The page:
Barack Obama was elected on November 4th 2008 and inaugurated on January 20th 2009, but his presidency really began on February 20th, 2009.

That was the day CNBC reporter Rick Santelli unleashed a tirade against the Obama administration’s housing bailout. The Santelli Rant helped give rise to the Tea Party protests and the town hall pushback against socialized medicine. And it was the first inkling of what has come to define the Obama presidency—outrage.

Outrage is nothing new in politics, but it has reached new heights in the age of Obama. Outrage is often built on justifiable and deeply felt frustration. When taken to the extreme, however, it debases our politics and leaves us all worse off.

The ad hominem attack has been both a cause and a consequence of much of the outrage during Obama’s presidency. Think of the most hateful and hurtful adjective you can—Fascist! Nazi! Racist! Terrorist! Un-American!—and you can be sure it’s been hurled at regular intervals by our elected leaders and political commentators at those with whom they disagreed.

The list of liberals who ascribed conservative opposition to Obama’s agenda to racism is a long one. From columnists Eleanor Clift and Maureen Dowd to former presidents Jimmy Carter and Bill Clinton and liberal icons like Fidel Castro, pushback to Obama’s ambitious agenda, was, as comedian Janeane Garofalo put it in reference to the Tea Party protestors (or “tea baggers” as liberals vulgarly called them), “about hating a black man in the White House. This is racism straight up.”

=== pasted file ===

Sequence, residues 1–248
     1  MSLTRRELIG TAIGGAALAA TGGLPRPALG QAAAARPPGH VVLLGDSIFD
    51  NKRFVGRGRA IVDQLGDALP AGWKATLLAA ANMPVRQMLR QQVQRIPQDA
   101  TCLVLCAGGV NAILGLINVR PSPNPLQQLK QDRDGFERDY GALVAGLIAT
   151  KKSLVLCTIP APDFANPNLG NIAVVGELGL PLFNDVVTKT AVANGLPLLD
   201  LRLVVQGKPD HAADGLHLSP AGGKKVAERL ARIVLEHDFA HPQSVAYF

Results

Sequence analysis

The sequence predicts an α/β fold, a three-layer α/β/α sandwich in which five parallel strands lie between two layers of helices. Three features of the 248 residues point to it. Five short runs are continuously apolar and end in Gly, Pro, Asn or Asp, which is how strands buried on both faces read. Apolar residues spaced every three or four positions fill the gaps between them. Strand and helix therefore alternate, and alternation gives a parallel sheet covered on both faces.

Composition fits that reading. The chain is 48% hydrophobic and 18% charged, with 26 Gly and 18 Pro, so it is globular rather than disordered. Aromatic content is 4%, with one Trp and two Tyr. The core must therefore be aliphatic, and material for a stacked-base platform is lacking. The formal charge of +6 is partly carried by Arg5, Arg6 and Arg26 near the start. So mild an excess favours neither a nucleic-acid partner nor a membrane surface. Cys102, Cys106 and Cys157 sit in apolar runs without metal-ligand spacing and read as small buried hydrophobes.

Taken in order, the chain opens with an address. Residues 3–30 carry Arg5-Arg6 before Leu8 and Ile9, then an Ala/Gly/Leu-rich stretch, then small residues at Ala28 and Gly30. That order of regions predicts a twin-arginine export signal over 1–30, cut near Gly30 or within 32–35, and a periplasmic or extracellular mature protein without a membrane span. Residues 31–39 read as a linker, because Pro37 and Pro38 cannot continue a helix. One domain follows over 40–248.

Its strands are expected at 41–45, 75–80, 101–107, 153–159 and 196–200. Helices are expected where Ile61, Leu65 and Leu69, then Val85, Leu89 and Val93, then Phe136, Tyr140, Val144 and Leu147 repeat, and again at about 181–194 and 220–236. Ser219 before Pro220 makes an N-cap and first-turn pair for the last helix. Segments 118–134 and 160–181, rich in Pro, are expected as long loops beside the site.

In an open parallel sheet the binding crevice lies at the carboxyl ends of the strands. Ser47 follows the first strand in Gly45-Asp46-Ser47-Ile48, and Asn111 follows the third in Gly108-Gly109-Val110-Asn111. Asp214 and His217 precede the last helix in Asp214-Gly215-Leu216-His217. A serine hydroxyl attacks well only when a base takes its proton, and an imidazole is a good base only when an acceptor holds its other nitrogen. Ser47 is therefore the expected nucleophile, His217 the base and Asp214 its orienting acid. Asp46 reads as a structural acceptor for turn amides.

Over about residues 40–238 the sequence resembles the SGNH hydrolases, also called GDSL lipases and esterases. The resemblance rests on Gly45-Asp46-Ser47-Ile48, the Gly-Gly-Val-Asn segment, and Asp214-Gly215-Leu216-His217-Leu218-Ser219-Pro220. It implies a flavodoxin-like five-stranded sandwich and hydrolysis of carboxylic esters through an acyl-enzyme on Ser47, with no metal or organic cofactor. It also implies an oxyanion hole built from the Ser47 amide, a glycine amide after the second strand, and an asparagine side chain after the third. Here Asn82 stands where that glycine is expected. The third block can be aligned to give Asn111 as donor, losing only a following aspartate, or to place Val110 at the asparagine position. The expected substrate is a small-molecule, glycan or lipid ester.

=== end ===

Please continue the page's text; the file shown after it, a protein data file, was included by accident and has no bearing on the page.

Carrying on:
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Though race proved the most common (and predictable) line of attack against conservatives, it was by no means the only one. New York Times columnist Frank Rich compared conservative commentators Glenn Beck and Sarah Palin to the mass murderer Joseph Stalin. Democratic Rep. Alan Grayson (FL) said Republicans who opposed the Democrats’ health care reform bill hope Americans “die quickly.”

Rep. Baron Hill (D-IN) called the town hall protestors “political terrorists,” while Jerry Nadler (D-NY) claimed they used “fascist tactic[s].” Rep. Brian Baird (D-WA) told a newspaper that protestors were using “close to Brown Shirt tactics…I mean that very seriously.”

House Speaker Nancy Pelosi called the protests “un-American” and accused some protestors of carrying Nazi symbols.


Beth Haynes

Beth Haynes, MD, Founder and President of TheBlackRibbonProject.org for health care freedom and the doctor-patient relationship; Senior Health Care Policy Analyst, Docs 4 Patient Care; formerly board certified in Emergency Medicine and Family Practice.